Experts agree that the sharing of know-how is critical to scaling up COVID-19 vaccine production and developing second generation vaccines to address variants. However, there is no precedent for forcing biopharma companies to involuntarily disclose trade secrets. To date, no vaccine company has voluntarily shared its know-how through the World Health Organisation’s COVID-19 Technology Access Pool (C-TAP).
‘Compulsory licenses were issued in the past for patents to boost production of AIDS and HIV drugs, but even those licenses did not require disclosure of trade secrets. Similarly, IP waivers for production of Pfizer’s recently approved antiviral drug product might not require the disclosure of trade secrets. However, IP waivers involving Merck’s biologic product would likely include the sharing of know-how and related, protected trade secrets. In the absence of voluntary licensing, compulsory licenses authorised on public health grounds may be the solution again to avoid companies’ reluctance to waive IP,’ said Delphine.
IP waiver ensures universal immunisation?
When the IP waiver concept was first proposed, Moderna agreed not to enforce its COVID-19 vaccine related patents during the pandemic. But despite Moderna’s voluntary waiver of its IP rights, no other company has stepped up to manufacture the Moderna COVID-19 vaccine. The most significant obstacle to COVID-19 vaccine supply is not just the IP rights that companies have obtained or are pursuing but rather the lack of raw materials and manufacturing facilities to produce the vaccines and biotherapeutics.
‘The COVID-19 pandemic has proven IP, including patents, are not the primary barrier to access for most countries. Supply chain issues, shortages of raw materials, inadequate manufacturing facilities and know-how, and poor infrastructure and distribution systems are the primary causes of delayed universal immunisation,’ said Jaci.
Technology transfer, scaling up manufacturing, government and private partnerships etc. could help in achieving vaccine equality.
IP rights have also facilitated a great deal of voluntary technology transfer, resulting in partnerships and bolstering the manufacturing of vaccines. For example, UK’s Astra Zeneca’s vaccine was developed in collaboration with Oxford University and is produced in India by the Serum Institute under a licensing agreement.
Government and private sector partnerships could be forged much more expeditiously and still result in the desired rapid ramp up of COVID-19 vaccine production. For example, Moderna and Samsung Biologics announced an agreement for fill-and-finish manufacturing of Moderna’s COVID-19 vaccine.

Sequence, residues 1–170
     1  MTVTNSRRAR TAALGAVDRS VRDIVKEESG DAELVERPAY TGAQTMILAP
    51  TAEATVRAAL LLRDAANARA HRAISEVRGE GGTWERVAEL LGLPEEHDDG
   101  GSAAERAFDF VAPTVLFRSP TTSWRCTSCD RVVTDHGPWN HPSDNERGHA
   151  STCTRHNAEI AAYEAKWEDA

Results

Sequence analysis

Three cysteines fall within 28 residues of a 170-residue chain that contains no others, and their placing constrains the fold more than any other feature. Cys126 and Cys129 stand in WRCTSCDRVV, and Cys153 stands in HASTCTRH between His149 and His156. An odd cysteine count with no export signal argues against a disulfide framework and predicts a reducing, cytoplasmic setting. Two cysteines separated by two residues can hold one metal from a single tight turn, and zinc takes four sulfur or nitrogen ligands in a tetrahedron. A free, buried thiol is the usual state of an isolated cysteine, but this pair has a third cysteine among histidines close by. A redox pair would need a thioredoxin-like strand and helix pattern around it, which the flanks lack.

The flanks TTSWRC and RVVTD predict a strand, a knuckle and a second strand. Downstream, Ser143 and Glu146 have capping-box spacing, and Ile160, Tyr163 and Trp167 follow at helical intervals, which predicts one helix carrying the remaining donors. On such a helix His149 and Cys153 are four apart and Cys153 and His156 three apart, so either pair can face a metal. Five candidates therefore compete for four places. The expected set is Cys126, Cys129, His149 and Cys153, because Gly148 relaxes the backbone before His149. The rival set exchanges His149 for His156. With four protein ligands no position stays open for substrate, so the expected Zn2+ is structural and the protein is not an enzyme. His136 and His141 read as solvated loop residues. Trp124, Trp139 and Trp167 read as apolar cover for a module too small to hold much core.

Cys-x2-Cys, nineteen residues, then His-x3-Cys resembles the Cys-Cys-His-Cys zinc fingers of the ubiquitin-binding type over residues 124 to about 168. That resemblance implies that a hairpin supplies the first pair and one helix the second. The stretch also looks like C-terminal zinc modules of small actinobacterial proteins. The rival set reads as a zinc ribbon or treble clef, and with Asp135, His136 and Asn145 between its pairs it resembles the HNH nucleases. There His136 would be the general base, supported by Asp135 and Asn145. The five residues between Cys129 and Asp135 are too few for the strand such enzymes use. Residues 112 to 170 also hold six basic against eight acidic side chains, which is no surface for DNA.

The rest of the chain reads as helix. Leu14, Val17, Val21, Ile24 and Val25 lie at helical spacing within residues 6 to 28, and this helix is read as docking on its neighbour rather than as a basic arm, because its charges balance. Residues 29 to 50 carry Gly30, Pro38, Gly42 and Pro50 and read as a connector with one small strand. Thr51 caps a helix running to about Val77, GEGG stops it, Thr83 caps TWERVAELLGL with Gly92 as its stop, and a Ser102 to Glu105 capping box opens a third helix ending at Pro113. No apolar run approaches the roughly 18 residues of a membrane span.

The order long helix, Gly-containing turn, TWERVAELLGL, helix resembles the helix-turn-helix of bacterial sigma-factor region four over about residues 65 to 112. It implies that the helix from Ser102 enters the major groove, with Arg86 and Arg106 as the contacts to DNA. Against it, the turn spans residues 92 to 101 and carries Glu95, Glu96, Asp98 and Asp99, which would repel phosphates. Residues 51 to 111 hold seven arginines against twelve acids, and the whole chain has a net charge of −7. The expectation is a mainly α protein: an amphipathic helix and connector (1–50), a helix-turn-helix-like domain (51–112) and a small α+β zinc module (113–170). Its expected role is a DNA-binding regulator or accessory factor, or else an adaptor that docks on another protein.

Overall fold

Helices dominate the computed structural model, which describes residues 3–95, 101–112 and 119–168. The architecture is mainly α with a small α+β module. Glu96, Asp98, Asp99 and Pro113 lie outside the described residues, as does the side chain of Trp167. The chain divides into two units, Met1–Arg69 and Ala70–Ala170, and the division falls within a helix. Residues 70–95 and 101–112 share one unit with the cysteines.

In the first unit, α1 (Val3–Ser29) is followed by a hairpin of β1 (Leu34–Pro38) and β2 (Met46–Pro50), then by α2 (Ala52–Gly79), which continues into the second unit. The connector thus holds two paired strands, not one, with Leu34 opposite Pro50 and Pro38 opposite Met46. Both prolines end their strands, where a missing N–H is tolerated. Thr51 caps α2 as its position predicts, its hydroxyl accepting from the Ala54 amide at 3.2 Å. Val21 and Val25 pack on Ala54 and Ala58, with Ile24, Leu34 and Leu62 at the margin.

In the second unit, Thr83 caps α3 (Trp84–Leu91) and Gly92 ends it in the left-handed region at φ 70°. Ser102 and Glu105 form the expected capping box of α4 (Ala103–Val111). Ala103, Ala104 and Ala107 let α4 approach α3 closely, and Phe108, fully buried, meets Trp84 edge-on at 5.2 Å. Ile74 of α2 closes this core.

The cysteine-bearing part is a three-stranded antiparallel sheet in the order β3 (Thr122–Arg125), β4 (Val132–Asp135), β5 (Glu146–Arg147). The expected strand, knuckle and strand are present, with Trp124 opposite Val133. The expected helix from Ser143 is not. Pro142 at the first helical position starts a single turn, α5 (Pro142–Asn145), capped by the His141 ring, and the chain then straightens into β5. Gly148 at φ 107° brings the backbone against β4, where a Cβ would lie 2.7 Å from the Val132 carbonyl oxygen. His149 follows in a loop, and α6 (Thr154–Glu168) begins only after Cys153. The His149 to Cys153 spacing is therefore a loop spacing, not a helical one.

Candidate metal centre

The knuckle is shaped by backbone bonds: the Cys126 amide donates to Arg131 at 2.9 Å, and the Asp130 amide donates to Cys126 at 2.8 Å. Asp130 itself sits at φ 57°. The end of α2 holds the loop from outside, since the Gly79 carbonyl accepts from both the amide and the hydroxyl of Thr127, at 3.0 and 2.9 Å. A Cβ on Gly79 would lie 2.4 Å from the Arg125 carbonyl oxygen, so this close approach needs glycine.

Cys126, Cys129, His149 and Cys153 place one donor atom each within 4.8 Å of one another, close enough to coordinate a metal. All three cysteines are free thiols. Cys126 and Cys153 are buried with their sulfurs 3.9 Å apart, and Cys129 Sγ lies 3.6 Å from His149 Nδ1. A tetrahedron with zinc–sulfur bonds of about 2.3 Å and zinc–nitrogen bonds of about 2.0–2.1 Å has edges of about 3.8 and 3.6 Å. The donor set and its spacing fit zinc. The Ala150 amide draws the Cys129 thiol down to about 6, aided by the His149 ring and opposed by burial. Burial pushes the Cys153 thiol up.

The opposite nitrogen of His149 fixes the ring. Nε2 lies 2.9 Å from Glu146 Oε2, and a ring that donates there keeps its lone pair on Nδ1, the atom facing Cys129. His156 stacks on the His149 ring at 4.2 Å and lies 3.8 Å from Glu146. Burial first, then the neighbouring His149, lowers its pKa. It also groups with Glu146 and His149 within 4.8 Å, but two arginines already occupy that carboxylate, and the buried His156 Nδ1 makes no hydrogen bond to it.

Investment in manufacturing is an important piece of the solution. Whether existing companies can retool facilities and jump start manufacturing or facilities need to be created through investment will be an important factor in accomplishing the desired scale up of vaccine production.
‘Scaling up COVID-19 vaccine production is clearly the first step to ensure universal immunisation. Ensuring equitable availability and delivery will also be necessary. Coordination and collaboration will be required within a complex network of investing in technology transfer, contracting existing and creating new manufacturing facilities, sourcing materials and pooling procurement facilities,’ said Delphine.
‘Patents are just one part of a complicated equation. We need universal access (i.e. supply), affordability and government action regarding vaccine hesitancy. In all countries we need strengthening of the public health system: the COVID variants are demonstrating that immunisation is a key part of the equation but not the only part,’ said Dr Arnold.
This is a tricky situation to be in. It’s unlikely that the pharma industry will change its IP regime overnight, and the onus to vaccinate the entire world is not on the pharma industry alone. Universal immunisation will require a coordinated approach in which the governments, pharma firms, and the entire ecosystem will need to come forward and do their part.